New Drug To Help Cure Tuberculosis Sooner

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Woman suffering from Tuberculosis holds her baby, who suffers from TB and malnutrition, in a hospital in Minakaman
A woman suffering from Tuberculosis (TB) holds her baby, who suffers from TB and malnutrition, in a hospital in Minakaman, Lakes State, June 26, 2014. Reuters

A drug combination that will help cure tuberculosis sooner has been devised by South African researchers.

In South Africa, every year, about 400,000 people are affected by tuberculosis which takes about six months to cure. Some of the patients do not complete their course of medication because of the length and side effects of the medications.

On July 21, at the International Aids Conference in Melbourne, it was said that PA-842, a new combination drug of two older medicines, would shorten the time of treatment to four months.

Derek Ambrosino, the tuberculosis Alliance spokesman had mentioned that in the last fifty years, there had been no new drug licensed to treat tuberculosis and neither was there anything to shorten the treament time. Dr. Rodney Dawson from the University of Cape Town Lung Institute said that the research showed that PA-842 can treat cases of drug-resistant tuberculosis as well, shortening the treatment time from a huge two years to six months. Also, this medication will result in lesser side effects.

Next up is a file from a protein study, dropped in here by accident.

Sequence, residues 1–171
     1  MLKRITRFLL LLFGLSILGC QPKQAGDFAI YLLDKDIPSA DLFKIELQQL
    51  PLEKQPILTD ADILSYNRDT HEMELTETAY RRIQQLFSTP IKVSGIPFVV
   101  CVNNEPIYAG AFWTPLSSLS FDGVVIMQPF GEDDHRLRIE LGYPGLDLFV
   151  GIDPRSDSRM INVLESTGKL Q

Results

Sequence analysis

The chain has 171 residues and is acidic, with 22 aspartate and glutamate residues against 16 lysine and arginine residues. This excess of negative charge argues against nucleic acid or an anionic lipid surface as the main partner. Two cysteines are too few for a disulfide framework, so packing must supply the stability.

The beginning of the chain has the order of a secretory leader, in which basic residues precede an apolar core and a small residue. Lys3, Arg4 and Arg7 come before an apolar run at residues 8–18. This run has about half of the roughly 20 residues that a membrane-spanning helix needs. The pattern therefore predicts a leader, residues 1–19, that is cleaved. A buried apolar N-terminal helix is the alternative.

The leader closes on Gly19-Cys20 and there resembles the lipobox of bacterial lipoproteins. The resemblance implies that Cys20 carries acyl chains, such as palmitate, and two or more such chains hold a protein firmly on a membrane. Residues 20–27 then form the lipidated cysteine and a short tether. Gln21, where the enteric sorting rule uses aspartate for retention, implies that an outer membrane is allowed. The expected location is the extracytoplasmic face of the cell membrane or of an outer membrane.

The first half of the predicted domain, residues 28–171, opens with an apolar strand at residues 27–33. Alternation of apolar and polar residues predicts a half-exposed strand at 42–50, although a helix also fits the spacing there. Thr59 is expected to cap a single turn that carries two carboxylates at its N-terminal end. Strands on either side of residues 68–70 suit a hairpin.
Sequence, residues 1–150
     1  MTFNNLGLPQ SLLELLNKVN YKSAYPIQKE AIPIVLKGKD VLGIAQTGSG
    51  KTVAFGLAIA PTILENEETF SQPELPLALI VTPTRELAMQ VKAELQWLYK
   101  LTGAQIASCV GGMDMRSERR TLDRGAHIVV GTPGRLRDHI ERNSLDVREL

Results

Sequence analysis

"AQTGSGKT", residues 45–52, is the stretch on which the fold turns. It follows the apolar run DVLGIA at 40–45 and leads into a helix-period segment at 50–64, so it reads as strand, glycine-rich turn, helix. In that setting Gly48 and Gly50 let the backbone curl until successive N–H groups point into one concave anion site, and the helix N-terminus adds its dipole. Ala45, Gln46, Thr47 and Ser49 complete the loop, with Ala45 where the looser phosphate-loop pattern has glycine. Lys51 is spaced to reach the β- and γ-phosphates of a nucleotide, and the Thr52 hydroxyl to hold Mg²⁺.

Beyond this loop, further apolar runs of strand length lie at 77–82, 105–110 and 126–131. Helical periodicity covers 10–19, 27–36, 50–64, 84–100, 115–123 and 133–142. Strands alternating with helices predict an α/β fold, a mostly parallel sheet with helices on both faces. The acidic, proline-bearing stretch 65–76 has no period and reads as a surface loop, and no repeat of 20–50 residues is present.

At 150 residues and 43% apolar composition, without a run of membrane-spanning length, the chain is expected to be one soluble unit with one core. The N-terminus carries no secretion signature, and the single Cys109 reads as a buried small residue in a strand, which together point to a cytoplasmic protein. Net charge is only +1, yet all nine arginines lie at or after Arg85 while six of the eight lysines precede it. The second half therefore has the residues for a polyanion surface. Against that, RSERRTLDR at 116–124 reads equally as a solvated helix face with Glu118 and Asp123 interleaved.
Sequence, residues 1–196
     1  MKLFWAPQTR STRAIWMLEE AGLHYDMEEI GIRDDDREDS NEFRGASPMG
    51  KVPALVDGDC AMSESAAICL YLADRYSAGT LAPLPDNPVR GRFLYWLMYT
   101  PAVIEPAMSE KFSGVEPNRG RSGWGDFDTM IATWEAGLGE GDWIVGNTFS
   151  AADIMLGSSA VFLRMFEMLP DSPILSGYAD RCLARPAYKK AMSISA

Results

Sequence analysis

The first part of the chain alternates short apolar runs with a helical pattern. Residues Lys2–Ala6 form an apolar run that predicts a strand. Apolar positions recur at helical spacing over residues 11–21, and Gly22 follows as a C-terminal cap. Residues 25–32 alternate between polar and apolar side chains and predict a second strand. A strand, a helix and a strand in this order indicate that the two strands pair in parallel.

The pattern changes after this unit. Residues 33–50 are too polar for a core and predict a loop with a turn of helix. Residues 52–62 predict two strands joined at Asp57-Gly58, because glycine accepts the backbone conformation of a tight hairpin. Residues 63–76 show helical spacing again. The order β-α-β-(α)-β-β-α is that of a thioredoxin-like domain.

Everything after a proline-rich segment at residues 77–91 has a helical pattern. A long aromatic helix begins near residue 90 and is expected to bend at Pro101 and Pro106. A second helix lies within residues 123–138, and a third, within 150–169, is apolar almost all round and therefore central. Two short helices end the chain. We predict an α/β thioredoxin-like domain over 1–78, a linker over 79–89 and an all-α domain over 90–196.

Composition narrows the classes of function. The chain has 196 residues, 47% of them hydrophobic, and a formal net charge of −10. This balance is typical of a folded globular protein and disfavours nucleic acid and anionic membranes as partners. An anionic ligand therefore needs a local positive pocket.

The executive director of the Results Educational Fund, Joanne Carter, praised the research and remarked that one out of five people suffering from HIV, die because of tuberculosis which is a preventable and treatable disease. He added that this drug can provide shorter, simpler and less toxic tuberculosis treatment and will help those affected with HIV to complete their course of medication for tuberculosis.

A non-profit organisation, TB Alliance, funded by the Bill and Melinda Gates Foundation have developed and tested the drug. In 2002, TB Alliance procured the drug from a small biotechnology company and have been working on it ever since. The aim of the NGO is to provide the drug at a cheap price for the poor countries but funding is required to test the drug in the Phase Three of the trial. Yogan Pillay, the deputy director general of the National Department of Health explained that the Phase Two of the trial produced exciting results but completion of Phase Three will only prove their success.

Keerthan Dheda from the University of Cape Town, praising the drug said that PA-842 is a big step in the right direction.

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